On 21 November 1944, a B-29, # 42-6278, “Acid Test,” of the 20th Air Force, 462nd Bomb Group, 770th Bomb Squadron, Piardoba, India, departed the airfield at Kuinglai, China, on a bombing mission to Omura, Japan. It was fired upon by enemy aircraft over the target aircraft assembly plant at Omura, Japan, at about 0802 hours. The crew were:
Pilot Capt Joseph P. Killebrew 0-433537 KIA
Co-Pilot 1stLt Paul R. Meeks 0-808875 “
Navigator 1stLt Emsley M. Eggers 0-735182 “
Bombardier 2ndLt Spirito C. Ovial 0-684656 “
Flight Engineer 1stLt Earl Heins 0-861307 “
Radio – Gunner SSgt John Normand Jr. 35582790 “
Senior Gunner SSgt Edward C. Morrow 14134422 “
Right Gunner SSgt Gail Cornelius 38179566 “
Left Gunner SSgt Vincent W. Sheridan 32450753 “
Tail Gunner SSgt Luther M. Young 17075593 “
Radar Sgt Gordon E. Chard 16175948 “
The B-29 was last sighted by Lt.Col. Robert B. Sullivan, 0-25321, Capt. Gilbert E. Johnson, 0-725307, and Capt. Albert Abranovic, 0-426468.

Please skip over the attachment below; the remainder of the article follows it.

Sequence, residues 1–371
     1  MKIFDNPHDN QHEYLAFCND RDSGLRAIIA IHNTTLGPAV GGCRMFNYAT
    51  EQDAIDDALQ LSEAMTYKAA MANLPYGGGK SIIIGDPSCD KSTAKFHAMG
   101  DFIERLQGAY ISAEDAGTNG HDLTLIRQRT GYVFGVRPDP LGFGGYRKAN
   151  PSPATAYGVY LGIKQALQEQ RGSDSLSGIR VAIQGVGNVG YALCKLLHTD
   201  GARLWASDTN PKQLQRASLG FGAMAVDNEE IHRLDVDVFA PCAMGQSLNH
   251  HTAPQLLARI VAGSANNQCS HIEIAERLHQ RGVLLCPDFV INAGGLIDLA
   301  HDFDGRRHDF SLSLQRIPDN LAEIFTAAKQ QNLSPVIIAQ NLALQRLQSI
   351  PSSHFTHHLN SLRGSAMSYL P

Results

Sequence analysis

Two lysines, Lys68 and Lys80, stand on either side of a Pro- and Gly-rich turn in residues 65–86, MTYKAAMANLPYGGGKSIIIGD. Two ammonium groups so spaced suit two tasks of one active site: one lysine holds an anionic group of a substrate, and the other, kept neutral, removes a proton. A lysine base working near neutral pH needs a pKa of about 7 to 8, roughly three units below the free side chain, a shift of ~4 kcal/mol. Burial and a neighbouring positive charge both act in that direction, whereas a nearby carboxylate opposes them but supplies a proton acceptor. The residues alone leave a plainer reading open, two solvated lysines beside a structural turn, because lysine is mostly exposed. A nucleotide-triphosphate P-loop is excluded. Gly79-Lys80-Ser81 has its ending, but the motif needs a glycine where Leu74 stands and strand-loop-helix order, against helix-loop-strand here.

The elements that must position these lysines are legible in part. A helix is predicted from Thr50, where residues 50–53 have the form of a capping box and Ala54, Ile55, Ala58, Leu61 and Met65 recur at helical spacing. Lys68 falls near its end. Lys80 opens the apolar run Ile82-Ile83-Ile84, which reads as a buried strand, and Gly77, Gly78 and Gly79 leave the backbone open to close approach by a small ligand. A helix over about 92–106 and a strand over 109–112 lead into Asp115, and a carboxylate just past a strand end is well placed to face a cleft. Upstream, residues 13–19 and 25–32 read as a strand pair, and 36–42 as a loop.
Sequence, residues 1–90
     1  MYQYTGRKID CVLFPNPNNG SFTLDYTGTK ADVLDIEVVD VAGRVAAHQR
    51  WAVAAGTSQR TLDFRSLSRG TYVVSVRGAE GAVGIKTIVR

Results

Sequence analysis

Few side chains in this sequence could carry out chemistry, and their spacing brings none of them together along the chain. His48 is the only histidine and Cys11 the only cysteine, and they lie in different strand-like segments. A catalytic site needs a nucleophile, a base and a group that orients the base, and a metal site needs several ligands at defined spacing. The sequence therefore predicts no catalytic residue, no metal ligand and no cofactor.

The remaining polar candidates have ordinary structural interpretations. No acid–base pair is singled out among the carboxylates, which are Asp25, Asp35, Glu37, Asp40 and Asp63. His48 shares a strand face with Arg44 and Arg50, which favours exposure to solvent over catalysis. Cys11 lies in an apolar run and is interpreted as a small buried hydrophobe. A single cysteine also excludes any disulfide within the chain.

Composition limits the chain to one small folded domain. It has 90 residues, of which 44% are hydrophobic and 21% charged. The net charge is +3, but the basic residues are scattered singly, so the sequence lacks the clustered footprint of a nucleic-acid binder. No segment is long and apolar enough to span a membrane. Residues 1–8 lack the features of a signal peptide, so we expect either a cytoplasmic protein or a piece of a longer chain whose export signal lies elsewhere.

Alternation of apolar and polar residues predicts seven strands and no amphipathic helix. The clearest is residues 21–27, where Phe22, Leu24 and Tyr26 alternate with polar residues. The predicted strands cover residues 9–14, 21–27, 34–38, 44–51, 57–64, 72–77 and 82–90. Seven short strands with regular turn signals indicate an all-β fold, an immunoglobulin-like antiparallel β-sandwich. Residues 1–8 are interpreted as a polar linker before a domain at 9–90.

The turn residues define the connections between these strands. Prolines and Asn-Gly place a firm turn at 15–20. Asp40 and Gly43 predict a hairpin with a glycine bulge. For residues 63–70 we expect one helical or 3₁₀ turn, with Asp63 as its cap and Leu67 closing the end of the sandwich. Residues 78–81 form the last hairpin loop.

Capt. Abranovic reported that they had just left the target and were making a right turn when a B-29 was reported spinning to the ground from an altitude of about 22,000 feet. Nor fire or smoke or engine failure was visible at the distance of 2 miles. Gunners reported no parachutes while it was in sight, not more than 3,000 feet above the small island we expected it to crash upon.
Lt.Col. Sullivan reported that B-29 #278 was out of control and entered a spin after a fighter attack over Omura, Japan, at about 0800 IST. It passed under his B-29.
Capt. Johnson reported that the flight of nine B-29s was over the target. B-29 # 278 was flying the # 2 position in the lead element and he was leading the D, or high, element in B-29, # 42-6359. A Japanese fighter, a “Hap” or a “Zeke” made a pass at # 278 from 3 o’clock slightly high. Right afterwards, #278 went out of control, turning to the left and nearly colliding with # 389. He saw the B-29 to their left going down in a vertical spin to the right. His gunners reported the B-29 still spinning at about 5,000 feet below them before sight of it was lost. No parachutes were seen.